5 things you need to know about AI-driven search but were afraid to ask

By Peter Bale


New Zealand and the U.K.


The implications of Artificial Intelligence — especially the new breed of “generative” AI tools with their spooky ability to give us answers that approximate journalism — reach across the newsroom and all departments in publishing.

There are fantastic opportunities to create better, more accurate information, more efficiently — yet they carry some risks. 

This is just the start, as I detailed in a recent blog. But some of it is going to feel familiar and may expose gaps in the ways journalists, newsrooms, and publishers deal with rapid technological change, as well as how quickly and imaginatively we may have to respond to this fundamental upheaval in search.

But lets start at the beginning:

What does “generative Artificial Intelligence” mean?

Generative AI systems fall under machine learning. Through machine learning, practitioners develop Artificial Intelligence through models that can “learn” from data patterns without human direction. These models then generate answers, having digested an enormous corpus of information to create relationships from a Large Language Model, in ChatGPT’s case said to be 45 terabytes of text data. (Source McKinsey.com/Wikipedia.)

What is ChatGPT?

ChatGPT, or generative pre-trained transformer, is a chatbot interface to a model created by OpenAI to showcase the potential of generative AI to curate coherent answers to complex questions or tasks — from a piece of journalism to a piece of software code. OpenAI has also released the Dall-E tool to produce images with generative AI. There are others available. (Sources McKinsey.com/Wikipedia/OpenAI.)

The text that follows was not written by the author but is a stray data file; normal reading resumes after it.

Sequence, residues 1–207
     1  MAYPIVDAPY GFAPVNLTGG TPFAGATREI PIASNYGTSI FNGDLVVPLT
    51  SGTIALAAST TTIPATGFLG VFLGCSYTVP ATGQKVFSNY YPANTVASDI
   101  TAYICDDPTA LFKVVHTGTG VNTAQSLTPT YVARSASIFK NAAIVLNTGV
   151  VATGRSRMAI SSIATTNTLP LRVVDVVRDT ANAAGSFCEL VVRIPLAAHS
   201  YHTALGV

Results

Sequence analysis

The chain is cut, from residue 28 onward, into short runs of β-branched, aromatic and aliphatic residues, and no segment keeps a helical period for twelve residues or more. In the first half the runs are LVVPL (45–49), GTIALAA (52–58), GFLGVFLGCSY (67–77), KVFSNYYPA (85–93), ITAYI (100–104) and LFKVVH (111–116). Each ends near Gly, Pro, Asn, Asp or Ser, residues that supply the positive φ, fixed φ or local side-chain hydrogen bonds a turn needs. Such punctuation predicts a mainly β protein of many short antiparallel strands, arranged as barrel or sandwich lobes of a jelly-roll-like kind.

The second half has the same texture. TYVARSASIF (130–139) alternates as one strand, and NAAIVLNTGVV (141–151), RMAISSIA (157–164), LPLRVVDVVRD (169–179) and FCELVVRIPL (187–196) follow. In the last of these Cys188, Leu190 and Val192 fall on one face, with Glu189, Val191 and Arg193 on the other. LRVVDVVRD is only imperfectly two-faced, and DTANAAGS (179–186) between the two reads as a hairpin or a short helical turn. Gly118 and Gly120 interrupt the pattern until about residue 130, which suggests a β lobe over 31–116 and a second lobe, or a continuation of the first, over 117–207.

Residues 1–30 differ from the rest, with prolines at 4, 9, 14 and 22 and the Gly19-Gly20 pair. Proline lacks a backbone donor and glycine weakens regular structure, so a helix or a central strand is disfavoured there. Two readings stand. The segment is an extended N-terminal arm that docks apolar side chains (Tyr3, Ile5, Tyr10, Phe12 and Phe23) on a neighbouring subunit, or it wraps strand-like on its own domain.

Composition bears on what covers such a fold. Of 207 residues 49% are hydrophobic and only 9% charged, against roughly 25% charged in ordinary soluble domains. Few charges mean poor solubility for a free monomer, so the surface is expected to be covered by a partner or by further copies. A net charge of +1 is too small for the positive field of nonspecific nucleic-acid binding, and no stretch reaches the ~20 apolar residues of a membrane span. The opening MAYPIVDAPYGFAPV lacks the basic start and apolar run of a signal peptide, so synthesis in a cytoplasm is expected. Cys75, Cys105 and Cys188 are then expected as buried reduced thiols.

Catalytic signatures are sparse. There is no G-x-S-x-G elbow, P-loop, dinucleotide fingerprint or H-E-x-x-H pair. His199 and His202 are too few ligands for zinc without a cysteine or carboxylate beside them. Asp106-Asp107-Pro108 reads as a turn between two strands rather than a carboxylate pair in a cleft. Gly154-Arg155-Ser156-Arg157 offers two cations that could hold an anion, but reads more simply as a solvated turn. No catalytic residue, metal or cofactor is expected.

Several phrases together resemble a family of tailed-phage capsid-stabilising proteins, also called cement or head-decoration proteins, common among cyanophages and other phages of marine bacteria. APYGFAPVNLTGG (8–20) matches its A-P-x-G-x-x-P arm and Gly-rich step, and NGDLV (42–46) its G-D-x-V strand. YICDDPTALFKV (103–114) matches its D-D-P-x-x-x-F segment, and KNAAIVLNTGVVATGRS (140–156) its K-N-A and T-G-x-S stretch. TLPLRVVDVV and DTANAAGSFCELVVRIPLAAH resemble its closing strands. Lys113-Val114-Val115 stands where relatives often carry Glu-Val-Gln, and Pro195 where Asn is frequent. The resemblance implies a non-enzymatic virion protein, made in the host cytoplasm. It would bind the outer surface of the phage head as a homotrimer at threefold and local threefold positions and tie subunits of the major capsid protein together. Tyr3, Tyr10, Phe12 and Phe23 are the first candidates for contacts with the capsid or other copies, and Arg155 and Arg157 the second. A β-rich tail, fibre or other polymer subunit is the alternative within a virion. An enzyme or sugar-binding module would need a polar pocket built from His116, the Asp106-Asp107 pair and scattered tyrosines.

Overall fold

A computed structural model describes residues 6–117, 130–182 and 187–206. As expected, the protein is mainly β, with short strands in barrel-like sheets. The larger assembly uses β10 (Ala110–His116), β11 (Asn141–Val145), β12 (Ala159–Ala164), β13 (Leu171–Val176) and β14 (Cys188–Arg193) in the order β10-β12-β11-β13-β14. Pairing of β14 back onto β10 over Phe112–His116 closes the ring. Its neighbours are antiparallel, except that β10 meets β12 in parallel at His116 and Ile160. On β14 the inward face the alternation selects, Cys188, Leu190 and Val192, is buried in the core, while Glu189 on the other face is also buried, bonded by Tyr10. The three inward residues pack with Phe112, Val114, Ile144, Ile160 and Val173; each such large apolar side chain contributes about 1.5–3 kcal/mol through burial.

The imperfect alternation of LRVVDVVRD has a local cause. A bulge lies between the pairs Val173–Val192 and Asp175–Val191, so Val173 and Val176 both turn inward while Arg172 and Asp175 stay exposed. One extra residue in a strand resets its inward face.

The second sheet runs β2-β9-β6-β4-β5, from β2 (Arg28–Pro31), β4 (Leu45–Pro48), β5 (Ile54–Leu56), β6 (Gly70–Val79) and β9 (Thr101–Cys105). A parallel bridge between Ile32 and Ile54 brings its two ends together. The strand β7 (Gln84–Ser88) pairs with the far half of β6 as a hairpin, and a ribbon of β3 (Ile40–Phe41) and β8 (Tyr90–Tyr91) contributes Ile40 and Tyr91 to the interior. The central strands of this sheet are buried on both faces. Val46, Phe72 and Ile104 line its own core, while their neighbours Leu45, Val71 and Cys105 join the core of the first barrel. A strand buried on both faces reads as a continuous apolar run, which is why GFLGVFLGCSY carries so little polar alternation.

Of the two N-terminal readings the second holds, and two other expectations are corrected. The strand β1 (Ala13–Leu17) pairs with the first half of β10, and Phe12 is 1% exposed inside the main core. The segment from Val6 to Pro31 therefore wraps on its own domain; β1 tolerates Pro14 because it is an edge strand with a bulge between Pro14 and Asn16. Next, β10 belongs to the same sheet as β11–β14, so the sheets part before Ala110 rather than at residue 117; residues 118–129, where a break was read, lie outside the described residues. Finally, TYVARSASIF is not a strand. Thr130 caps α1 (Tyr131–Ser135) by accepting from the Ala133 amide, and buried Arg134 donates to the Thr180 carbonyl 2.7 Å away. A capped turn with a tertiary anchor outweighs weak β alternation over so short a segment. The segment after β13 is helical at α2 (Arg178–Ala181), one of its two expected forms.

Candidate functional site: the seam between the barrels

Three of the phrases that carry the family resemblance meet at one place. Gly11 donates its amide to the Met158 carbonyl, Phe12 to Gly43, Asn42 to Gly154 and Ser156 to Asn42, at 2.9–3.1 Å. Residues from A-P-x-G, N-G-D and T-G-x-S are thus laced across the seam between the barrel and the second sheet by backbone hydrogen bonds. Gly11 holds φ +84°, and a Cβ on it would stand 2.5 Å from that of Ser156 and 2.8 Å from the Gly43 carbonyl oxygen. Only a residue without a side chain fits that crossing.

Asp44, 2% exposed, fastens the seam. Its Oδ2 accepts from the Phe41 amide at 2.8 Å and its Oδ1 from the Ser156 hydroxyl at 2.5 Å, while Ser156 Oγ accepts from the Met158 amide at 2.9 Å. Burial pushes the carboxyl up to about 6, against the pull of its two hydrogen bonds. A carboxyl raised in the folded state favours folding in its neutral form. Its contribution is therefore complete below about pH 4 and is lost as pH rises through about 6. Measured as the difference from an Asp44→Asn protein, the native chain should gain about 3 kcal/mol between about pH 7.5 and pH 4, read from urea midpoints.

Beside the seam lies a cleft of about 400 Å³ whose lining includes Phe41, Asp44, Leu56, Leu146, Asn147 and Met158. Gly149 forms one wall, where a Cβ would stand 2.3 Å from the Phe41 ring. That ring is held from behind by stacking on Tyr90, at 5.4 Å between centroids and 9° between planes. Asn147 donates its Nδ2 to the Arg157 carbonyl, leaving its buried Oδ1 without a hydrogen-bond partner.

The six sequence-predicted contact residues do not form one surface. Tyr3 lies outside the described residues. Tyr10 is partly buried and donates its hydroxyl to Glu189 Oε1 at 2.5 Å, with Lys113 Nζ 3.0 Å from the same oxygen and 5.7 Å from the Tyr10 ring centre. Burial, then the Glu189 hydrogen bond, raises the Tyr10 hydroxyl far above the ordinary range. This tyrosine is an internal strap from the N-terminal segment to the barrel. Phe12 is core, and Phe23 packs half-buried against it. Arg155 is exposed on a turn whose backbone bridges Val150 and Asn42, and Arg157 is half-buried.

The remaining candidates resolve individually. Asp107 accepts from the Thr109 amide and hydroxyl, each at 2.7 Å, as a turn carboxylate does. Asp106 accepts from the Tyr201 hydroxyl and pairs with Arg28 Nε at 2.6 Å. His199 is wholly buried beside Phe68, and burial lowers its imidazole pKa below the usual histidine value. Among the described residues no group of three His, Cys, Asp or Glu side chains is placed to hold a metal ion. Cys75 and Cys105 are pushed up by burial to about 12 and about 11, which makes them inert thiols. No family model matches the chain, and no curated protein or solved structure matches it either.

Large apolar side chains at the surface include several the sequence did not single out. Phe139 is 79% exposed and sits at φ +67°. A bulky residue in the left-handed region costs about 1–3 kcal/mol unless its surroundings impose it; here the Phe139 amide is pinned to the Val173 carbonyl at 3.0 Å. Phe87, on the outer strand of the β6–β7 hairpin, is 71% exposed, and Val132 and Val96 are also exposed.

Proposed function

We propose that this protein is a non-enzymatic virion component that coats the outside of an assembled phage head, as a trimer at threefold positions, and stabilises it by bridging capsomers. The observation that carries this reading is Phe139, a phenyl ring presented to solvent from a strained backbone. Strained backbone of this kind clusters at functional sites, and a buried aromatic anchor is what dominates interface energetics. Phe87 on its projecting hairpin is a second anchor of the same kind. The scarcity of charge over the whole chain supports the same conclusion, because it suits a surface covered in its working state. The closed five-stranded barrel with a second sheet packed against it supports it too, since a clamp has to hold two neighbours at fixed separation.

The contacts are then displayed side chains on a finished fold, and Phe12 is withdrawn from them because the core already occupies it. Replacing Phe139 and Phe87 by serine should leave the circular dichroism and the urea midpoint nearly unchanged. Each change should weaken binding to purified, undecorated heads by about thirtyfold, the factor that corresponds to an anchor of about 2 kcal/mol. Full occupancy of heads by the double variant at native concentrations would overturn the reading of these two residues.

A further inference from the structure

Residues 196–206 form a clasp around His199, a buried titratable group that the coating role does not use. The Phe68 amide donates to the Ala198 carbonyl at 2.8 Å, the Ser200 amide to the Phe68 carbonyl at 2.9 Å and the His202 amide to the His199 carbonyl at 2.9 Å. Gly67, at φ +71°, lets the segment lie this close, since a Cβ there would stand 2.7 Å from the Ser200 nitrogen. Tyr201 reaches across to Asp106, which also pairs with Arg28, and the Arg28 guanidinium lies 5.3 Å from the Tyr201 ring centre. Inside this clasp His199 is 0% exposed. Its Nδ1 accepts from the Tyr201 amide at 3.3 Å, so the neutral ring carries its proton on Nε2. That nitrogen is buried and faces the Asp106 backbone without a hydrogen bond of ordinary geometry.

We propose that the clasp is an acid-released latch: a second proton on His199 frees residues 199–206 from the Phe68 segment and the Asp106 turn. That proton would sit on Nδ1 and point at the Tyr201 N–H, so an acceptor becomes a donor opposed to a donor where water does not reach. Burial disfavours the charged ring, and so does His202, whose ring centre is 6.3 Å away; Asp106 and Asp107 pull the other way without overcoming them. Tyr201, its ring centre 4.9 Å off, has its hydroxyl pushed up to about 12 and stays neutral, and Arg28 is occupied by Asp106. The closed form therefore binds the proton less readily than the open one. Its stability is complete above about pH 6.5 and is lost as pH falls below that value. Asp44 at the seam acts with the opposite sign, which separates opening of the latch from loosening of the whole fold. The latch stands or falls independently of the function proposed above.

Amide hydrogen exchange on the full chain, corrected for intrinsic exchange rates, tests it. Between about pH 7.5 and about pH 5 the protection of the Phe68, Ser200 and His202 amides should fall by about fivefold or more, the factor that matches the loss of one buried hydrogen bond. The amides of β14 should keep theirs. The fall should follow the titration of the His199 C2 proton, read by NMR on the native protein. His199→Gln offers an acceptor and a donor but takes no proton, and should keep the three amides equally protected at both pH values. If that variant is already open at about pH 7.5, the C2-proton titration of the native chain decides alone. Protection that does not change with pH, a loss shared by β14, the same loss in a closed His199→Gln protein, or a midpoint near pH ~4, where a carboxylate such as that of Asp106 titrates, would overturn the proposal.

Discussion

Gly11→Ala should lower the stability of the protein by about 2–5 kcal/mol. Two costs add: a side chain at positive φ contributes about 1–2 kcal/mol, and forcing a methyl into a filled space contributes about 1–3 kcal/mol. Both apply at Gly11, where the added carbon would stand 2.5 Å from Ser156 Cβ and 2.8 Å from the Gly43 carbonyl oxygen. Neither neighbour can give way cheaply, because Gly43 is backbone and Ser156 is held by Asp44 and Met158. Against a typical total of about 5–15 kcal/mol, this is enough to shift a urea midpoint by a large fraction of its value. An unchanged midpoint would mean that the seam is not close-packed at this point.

Who owns OpenAI and what exactly is it?

OpenAI is a San Francisco-based Artificial Intelligence research and product-creation organisation under the umbrella of a non-profit foundation with a for-profit company to monetise what it develops. It was founded in 2015 by a group including Sam Altman (now CEO of OpenAI and formerly President at Y-Conbinator), Reid Hoffman (founder of LinkedIn), Jessica Livingston (a founder of Y-Combinator), Elon Musk (PayPal, Tesla, Space-X, Twitter), Ilya Sutskever (computer scientist and chief scientist at OpenAI), Peter Thiel (PayPal, Palantir Technologies, and Founders Fund). Microsoft has invested several billion dollars in OpenAI. (Sources Wikipedia/OpenAI/CNBC.)

Should I be worried about using ChatGPT in journalism or about my journalists using it?

Transparency may be the key, especially if you are publishing anything derived from ChatGPT or another large language model purporting to act as AI-driven search. It might be smart to insist that journalists disclose to editors and readers when they are using it, even on an experimental basis. The best answer may lie in the warning from Microsoft in the Bing FAQ: “AI can make mistakes, and third-party content on the Internet may not always be accurate or reliable. Bing will sometimes misrepresent the information it finds, and you may see responses that sound convincing but are incomplete, inaccurate, or inappropriate. Use your own judgment and double check (sic) the facts…” CNET and Bankrate may not have been transparent

We already use Artificial Intelligence in some of our reporting. Should we stop?

Artificial Intelligence has already proven immensely valuable in data journalism, some forms of rote journalism (like sports results and stock market reports), let alone analysing enormous data sets in investigative journalism or health reporting, for example. It is a well-established process in many newsrooms and should not be confused with evolving “instant answer” or the emulation of journalism of these early generative AI applications. However, it also seems that generative AI as it develops may be able to assist or replace some reporting tasks and coding.

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About Peter Bale

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